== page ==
Loved Mr. Laurence, played by James Van Trueren, who easily transitions from roles such as the Barrymore-nominated Juan Peron in Evita at BRT to Don Quixote/Cervantes in Man of La Mancha a the Skyline Theatre. Van Trueren exhibits equal parts stoicism (when meeting the neighboring Marches) and budding joy (when joining optimistic Beth March at the piano for a lovely duet of “Off to Massachusetts”) in his portrayal.

Stephen Schellhardt as Laurie Laurence, is debuting at BRT has been seen in the National Tour of Altar Boyz, with many Regional credits to his name. Schellhardt brings a playful quality to Laurie, even years later when he discovers that his puppy love for Jo March was just that, and with maturity, discovers that Amy March is the girl of his dreams.

Steven Nicholas as Mr. John Brooke, the future groom of Meg March, once a soloist with the Boston Pops in a tribute to Irving Berlin, has a splendid voice and combined with his dark, brooding manner, is cast ideally with the angelic Matthews. It is a match made in casting heaven.

Less is more, and Roman Tatarowicz, set design, derives a fluid, cathedral spire of a set, that creates depth, rise and context in each scene with its revolving stage. Understanding that these seamless scene changes are not as simple as they appear, the audience appreciates the quick transitions.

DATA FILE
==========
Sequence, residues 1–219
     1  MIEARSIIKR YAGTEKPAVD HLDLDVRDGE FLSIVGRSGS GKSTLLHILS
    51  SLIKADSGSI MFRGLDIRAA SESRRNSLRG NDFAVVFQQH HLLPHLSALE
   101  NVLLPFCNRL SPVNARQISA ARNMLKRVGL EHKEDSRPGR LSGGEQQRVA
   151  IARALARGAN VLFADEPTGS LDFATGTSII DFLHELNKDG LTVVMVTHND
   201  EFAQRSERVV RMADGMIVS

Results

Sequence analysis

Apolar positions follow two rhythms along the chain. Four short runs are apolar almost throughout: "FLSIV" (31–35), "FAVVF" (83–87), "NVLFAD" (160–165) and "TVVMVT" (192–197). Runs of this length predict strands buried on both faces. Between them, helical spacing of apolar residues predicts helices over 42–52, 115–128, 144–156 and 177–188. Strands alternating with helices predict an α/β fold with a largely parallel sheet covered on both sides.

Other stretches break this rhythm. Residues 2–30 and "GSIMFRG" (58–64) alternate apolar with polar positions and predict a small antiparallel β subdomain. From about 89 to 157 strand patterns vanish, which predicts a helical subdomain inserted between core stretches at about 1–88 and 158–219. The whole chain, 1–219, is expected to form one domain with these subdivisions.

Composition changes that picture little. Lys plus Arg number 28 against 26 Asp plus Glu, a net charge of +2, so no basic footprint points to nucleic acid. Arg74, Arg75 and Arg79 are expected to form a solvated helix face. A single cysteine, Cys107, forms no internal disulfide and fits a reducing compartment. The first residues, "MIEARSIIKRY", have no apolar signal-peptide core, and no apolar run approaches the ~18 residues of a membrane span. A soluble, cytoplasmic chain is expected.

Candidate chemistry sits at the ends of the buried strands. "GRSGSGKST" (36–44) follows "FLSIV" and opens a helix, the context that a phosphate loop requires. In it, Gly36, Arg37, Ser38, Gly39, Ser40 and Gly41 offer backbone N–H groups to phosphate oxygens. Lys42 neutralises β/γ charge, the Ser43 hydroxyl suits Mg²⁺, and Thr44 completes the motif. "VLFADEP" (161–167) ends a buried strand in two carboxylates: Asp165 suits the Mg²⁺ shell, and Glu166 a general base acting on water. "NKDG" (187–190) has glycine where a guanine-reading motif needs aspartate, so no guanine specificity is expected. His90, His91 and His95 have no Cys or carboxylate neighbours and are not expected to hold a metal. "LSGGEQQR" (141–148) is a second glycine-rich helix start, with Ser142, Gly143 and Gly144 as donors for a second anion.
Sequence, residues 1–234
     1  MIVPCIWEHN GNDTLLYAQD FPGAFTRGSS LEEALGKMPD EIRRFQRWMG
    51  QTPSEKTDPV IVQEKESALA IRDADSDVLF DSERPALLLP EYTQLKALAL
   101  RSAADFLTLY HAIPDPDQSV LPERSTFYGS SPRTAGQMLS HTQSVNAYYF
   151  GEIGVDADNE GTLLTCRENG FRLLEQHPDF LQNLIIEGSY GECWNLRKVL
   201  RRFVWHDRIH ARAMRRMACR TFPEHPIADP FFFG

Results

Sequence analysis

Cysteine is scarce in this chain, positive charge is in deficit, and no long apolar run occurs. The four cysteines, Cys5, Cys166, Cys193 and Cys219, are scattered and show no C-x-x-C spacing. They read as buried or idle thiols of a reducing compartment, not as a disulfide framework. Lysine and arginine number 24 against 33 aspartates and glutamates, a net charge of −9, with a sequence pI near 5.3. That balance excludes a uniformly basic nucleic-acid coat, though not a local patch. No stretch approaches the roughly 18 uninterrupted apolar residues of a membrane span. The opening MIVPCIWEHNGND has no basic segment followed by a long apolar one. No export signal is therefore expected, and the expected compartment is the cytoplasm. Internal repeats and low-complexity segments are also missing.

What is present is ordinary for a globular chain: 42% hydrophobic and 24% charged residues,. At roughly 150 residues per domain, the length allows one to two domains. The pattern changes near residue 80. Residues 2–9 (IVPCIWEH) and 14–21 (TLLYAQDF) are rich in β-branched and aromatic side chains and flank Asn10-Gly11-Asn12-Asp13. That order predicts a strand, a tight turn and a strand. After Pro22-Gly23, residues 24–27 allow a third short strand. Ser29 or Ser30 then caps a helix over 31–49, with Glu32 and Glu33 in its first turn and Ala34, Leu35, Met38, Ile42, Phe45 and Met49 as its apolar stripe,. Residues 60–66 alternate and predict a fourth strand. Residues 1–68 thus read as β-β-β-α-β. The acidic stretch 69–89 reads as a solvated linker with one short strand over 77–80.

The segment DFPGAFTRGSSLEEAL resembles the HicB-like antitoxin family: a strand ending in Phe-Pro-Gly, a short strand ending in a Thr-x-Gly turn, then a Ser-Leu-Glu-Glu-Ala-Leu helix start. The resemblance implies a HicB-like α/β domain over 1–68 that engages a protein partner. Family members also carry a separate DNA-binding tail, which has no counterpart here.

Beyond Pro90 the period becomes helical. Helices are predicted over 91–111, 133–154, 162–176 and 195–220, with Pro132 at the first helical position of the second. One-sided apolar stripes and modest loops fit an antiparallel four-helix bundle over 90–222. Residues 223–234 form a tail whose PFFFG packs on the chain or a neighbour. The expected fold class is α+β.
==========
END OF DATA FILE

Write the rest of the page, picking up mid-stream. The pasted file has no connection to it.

Musical Director Mark Yurkanin and his orchestra of five veteran musicians provided a full tone to support the harmonies and dance numbers such as Act I’s “Delighted”, “Five Forever” and Act II’s “The Weekly Volcano Press.” The intimate ballads are quite memorable and include “Some Things Are Meant To Be” between Jo and Beth, “Days of Plenty” sung by Marmee, and “The Fire Within Me” sung by Jo. At times, the actors’ singing was not heard, either the music was overpowering them, or the microphones could have used an adjustment on the vocal numbers.

Book by Allan Knee
Music by Jason Howland
Lyrics by Mindi Dickstein
Directed by Susan D. Atkinson
May 3 – May 22, 2011
Bristol Riverside Theatre
120 Radcliffe Street
Bristol, PA 19007